Although signs and symptoms of sleep disturbance are common in most psychiatric disorders, an additional diagnosis of insomnia or hypersomnia related to another mental disorder is made according to DSM-IV-TR criteria only when the sleep dis-turbance is a predominant complaint and is sufficiently severe to warrant independent clinical attention. Many of the patients with this type of sleep disorder diagnosis focus on the sleep complaints to the exclusion of other symptoms related to the primary psychi-atric disorder. For example, they may seek professional help with complaints of insomnia or oversleeping when they should be at work, excessive fatigue, or desire for sleeping pills, but initially, they minimize or strongly deny signs and symptoms related to poor mood, anxiety, obsessive rumination, alcohol abuse, or a personality disorder.



Sleep Disturbances in Psychiatric Disorders: “Chicken or Egg?”


Whether sleep disturbances “cause” psychiatric disorders can be debated. At one level, this hypothesis seems unlikely because normal subjects vary considerably in their amount and type of sleep. Occasional extreme short sleepers, “needing” and sleeping as little as an hour a day for many years, have been reported, who appeared to be psychologically and medically normal in other re-spects. Furthermore, prolonged partial or selective sleep depriva-tion in normal volunteers does not apparently precipitate major psychiatric disorders. Normal control subjects have been kept awake for as long as 11 consecutive days in experiments to test the effect of sleep deprivation. Such experiments may cause dyspho-ria and dysfunction but not depression or dementia. Moreover, pa-tients with narcolepsy or depression have been deprived of REM sleep for more than a year while being treated with high doses of MAOIs; if anything, they were better because their primary mood disorder improved during the course of treatment. Finally, total or partial sleep deprivation for one night has antidepressant effects in about half of depressed patients, including severely depressed melancholic, endogenous, or delusional patients.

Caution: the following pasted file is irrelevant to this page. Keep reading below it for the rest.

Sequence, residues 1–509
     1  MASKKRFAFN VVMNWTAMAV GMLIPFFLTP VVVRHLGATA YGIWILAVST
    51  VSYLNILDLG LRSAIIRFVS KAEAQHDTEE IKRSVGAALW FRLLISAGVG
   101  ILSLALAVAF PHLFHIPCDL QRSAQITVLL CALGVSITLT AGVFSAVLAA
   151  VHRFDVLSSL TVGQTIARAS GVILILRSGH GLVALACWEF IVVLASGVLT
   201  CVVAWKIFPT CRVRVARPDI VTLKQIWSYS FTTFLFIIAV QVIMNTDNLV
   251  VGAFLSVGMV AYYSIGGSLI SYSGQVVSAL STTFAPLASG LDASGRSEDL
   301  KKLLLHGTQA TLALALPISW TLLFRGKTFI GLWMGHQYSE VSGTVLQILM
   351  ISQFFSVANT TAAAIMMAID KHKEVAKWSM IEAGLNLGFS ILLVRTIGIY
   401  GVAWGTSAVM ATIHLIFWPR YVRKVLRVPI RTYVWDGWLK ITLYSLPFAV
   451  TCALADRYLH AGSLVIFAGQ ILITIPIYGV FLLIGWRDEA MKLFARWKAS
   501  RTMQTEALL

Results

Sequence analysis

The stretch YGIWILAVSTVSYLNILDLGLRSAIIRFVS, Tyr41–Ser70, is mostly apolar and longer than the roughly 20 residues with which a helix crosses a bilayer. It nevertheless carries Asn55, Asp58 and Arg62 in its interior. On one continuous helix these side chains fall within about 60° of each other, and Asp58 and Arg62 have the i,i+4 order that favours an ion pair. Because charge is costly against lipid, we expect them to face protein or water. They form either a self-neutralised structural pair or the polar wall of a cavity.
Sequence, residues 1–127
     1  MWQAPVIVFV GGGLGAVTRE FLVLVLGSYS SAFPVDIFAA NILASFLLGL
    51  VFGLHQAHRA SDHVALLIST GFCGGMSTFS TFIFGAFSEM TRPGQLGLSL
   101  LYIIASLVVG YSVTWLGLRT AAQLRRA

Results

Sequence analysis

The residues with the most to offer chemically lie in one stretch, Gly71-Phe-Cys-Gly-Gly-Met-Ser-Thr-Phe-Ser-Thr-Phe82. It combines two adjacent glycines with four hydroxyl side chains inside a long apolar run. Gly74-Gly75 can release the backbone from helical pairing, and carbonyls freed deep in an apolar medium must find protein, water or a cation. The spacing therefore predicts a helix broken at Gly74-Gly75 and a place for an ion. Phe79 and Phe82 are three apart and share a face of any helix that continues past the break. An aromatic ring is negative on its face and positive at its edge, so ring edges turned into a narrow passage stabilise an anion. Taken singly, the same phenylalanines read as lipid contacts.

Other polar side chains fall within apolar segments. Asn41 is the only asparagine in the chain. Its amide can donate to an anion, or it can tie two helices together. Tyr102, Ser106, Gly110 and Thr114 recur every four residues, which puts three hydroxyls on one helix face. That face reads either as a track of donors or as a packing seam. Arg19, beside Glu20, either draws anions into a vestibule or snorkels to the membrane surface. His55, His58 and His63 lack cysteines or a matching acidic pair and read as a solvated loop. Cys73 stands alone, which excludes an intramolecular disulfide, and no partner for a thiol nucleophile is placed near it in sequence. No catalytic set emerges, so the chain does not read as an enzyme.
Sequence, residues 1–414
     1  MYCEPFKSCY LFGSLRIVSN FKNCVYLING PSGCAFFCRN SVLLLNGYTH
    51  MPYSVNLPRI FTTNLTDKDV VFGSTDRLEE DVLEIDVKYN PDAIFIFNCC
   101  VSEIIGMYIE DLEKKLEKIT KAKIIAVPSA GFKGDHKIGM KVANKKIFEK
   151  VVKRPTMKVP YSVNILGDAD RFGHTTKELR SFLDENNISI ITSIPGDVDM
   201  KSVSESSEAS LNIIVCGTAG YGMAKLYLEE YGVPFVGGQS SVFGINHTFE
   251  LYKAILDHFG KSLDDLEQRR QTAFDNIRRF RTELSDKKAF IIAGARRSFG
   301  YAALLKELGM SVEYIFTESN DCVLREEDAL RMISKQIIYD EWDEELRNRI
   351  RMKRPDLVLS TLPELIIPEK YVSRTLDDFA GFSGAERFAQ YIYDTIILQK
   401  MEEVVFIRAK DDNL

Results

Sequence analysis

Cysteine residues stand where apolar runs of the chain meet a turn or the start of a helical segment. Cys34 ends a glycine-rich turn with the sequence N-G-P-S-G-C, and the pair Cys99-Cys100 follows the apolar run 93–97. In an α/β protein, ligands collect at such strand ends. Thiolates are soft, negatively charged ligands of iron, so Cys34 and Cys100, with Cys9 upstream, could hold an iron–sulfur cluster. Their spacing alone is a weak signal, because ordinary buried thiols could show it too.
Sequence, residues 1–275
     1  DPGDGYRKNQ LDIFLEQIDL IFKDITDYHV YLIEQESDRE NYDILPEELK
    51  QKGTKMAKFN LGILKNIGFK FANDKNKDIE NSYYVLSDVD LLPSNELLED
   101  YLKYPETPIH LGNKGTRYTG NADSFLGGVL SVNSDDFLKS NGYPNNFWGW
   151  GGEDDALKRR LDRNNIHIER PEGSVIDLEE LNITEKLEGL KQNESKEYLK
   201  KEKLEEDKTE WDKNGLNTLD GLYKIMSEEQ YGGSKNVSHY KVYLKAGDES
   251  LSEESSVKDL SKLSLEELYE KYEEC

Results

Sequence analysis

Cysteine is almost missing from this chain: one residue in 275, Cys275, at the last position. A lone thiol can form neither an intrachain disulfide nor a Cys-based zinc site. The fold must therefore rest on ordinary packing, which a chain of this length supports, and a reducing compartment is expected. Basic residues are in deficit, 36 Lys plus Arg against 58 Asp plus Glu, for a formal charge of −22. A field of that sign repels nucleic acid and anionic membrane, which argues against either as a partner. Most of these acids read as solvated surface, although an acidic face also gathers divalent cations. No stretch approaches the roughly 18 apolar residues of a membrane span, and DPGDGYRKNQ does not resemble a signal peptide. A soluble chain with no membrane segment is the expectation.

These observations neither prove nor disprove the hypoth-esis that sleep disturbance does not cause psychiatric disorders. After all, experimental disruption of sleep in normal control sub-jects is highly artificial, usually conducted in supportive environ-ments in well-screened, self-selected, healthy subjects. Likewise, people may vary in their sleep needs, but as far as we know, eve-ryone needs to sleep; it may just be that individuals vary in the threshold of sleep disturbance beyond which they can go before manifesting psychiatric symptoms. Most important, chronic sub-jective sleep disturbances may be risk factors for certain vulner-able individuals. Thus, specific sleep characteristics may predis-pose to, or be a risk factor for, later development of psychiatric or substance abuse disorders. Again, the complaint of chronic insomnia or hypersomnia or normal short sleep cannot always be equated with objective sleep abnormalities, but it should at least alert the psychiatrist to the possibility that the patient deserves careful monitoring for a time.


Sleep disruption may be particularly harmful to some per-sons, for example, bipolar disorder patients, whether euthymic or depressed, in whom sleep deprivation may precipitate a manicepisode. Mania is not uncommon with jet lag or work-related sleep deprivation in bipolar disorder patients. Behavioral and ap-parent personality changes with sleep deprivation are probably common but more often ignored in everyday life. The irritability of sleep-deprived children is known to most parents; and who of us has not had a “bad day” after a “bad night”?


Whereas insomnia is probably the most common sleep complaint in most psychiatric disorders, hypersomnia is not in-frequently reported, especially in association with the following: bipolar mood disorder during depressed periods; major depres-sive disorder with atypical features (i.e., hypersomniac, hyper-phagic patients with “leaden paralysis” and loss of energy); sea-sonal (winter) depression; stimulant abusers during withdrawal; some patients with personality disorders; and patients who are heavily sedated with anxiolytic, antipsychotic, or antidepressant medications, among other disorders.